Excavations at the Mound of Van Fortress - 2011
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CitationKonyar, E., Ayman, İ., Avcı, C., Yiğitpaşa, D., Genç, B. ve Akgün, R. G. (2012). Excavations at the Mound of Van Fortress - 2011. Türk Eskiçağ Bilimleri Enstitüsü. xi, s. 219-245.
Van Fortress or Tuspa was the capital city of the Urartians, the founders of the Urartian Kingdom centered in the Lake Van Basin between the ninth and the sixth centuries BC. It rises on the eastern shore of Lake Van on a conglomerate rocky outcrop, measuring approximately 1250 m in length and 70-80 m in width (Fig. 1). Every corner of this outcrop was utilized by the Urartian architects. Here the royal rock tombs, monumental open air sanctuaries, palaces and other architectural remains are the major features that immediately attract attention. Inscriptions, cuneiform stelae and other impressive monuments cement Tuspa’s importance as the Urartian capital. It is possible to trace the material remains of 200 years of Urartian domination in, and the cultural and historical chronology of the lower settlement layers, i.e. the mound of Van fortress, which spread throughout the fortress and its surroundings.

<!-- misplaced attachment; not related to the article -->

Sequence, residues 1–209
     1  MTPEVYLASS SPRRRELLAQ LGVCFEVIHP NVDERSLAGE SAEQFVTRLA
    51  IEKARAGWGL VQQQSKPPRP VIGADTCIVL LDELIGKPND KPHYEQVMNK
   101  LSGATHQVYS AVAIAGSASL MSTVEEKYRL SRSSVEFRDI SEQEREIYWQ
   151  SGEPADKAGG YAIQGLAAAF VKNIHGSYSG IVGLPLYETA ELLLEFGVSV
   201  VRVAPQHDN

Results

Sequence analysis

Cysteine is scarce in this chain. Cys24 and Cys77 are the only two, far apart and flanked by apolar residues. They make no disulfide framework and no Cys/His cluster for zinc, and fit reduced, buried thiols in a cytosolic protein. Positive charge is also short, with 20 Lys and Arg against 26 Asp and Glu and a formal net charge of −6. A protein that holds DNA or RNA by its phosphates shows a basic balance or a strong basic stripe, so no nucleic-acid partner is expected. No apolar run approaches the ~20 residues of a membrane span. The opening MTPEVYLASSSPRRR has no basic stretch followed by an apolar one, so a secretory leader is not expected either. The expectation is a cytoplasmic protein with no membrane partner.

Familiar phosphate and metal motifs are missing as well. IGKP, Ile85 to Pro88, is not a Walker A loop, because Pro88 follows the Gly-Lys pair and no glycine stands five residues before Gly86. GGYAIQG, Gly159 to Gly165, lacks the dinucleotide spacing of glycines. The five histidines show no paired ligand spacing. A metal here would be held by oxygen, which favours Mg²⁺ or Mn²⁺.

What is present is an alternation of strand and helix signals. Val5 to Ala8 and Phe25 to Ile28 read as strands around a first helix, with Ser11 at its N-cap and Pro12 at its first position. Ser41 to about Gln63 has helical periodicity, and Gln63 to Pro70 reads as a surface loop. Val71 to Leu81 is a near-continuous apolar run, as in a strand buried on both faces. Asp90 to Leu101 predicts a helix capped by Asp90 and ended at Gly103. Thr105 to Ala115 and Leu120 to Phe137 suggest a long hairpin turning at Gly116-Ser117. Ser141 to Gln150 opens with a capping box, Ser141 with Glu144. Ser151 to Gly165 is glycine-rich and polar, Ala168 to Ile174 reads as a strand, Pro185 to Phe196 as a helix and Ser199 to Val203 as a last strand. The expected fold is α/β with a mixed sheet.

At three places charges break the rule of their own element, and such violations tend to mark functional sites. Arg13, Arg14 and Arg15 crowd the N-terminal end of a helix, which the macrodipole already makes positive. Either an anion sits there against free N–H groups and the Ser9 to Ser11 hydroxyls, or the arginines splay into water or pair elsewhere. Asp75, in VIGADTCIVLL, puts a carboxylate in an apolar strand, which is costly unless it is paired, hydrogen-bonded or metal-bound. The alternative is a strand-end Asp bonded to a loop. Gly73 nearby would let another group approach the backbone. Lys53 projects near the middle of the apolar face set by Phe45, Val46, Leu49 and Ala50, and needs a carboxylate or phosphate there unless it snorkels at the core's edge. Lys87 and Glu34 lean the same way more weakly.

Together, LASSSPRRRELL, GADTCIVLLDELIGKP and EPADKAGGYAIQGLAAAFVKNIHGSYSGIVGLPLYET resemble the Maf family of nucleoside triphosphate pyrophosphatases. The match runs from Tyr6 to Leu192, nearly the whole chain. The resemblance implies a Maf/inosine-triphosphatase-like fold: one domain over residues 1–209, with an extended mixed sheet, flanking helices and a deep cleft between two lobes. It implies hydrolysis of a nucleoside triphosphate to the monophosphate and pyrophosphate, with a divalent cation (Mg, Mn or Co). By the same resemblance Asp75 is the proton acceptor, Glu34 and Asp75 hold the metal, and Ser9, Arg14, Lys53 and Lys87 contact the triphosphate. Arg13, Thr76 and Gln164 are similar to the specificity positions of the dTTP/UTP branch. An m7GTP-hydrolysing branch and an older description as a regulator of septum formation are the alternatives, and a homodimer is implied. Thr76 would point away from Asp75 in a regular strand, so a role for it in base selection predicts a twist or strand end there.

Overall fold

SourceAnadolu Sohbetleri XI
- Makale Koleksiyonu